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Enviado por ximenapm2 • 16 de Septiembre de 2013 • 592 Palabras (3 Páginas) • 528 Visitas
Like other socialists, Karl Marx and Friedrich Engels sought an end to capitalism and the systems which they perceived to be responsible for the exploitation of workers. Whereas earlier socialists often favored longer-term social reform, Marx and Engels believed that popular revolution was all but inevitable, and the only path to socialism and communism.
According to the Marxist argument for communism, the main characteristic of human life in class society is alienation; and communism is desirable because it entails the full realization of human freedom. Marx here follows Georg Wilhelm Friedrich Hegel in conceiving freedom not merely as an absence of restraints but as action with content. According to Marx, communism's outlook on freedom was based on an agent, obstacle, and goal. The agent is the common/working people; the obstacles are class divisions, economic inequalities, unequal life-chances, and false consciousness; and the goal is the fulfilment of human needs including satisfying work, and fair share of the product.
They believed that communism allowed people to do what they want, but also put humans in such conditions and such relations with one another that they would not wish to exploit, or have any need to. Whereas for Hegel the unfolding of this ethical life in history is mainly driven by the realm of ideas, for Marx, communism emerged from material forces, particularly the development of the means of production.
The Communist Manifesto.
Marxism holds that a process of class conflict and revolutionary struggle will result in victory for the proletariat and the establishment of a communist society in which private property and ownership is abolished over time and the means of production and subsistence belong to the community. (Private property and ownership, in this context, means ownerships of the means of production, not private possessions). Marx himself wrote little about life under communism, giving only the most general indication as to what constituted a communist society. In the popular slogan that was adopted by the communist movement, communism was a world in which each gave according to their abilities, and received according to their needs. The German Ideology (1845) was one of Marx's few writings to elaborate on the communist future:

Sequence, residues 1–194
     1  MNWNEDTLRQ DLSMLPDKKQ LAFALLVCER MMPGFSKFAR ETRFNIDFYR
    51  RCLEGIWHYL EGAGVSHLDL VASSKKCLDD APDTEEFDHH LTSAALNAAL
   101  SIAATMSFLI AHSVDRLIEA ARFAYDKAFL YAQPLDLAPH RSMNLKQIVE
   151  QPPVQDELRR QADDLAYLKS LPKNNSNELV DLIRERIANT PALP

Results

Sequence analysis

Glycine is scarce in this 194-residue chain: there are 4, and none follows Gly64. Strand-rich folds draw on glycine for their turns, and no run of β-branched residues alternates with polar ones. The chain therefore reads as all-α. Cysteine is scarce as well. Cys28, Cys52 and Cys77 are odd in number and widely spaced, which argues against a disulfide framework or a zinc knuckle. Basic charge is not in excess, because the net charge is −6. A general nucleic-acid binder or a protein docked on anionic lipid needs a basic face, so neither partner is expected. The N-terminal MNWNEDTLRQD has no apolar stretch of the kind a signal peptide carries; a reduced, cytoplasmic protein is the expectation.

In communist society, where nobody has one exclusive sphere of activity but each can become accomplished in any branch he wishes, society regulates the general production and thus makes it possible for me to do one thing today and another tomorrow, to hunt in the morning, fish in the afternoon, rear cattle in the evening, criticise after dinner, just as I have a mind, without ever becoming hunter, fisherman, herdsman or critic.
Marx's lasting vision was to add this vision to a theory of how society was moving in a law-governed way towards communism, and,
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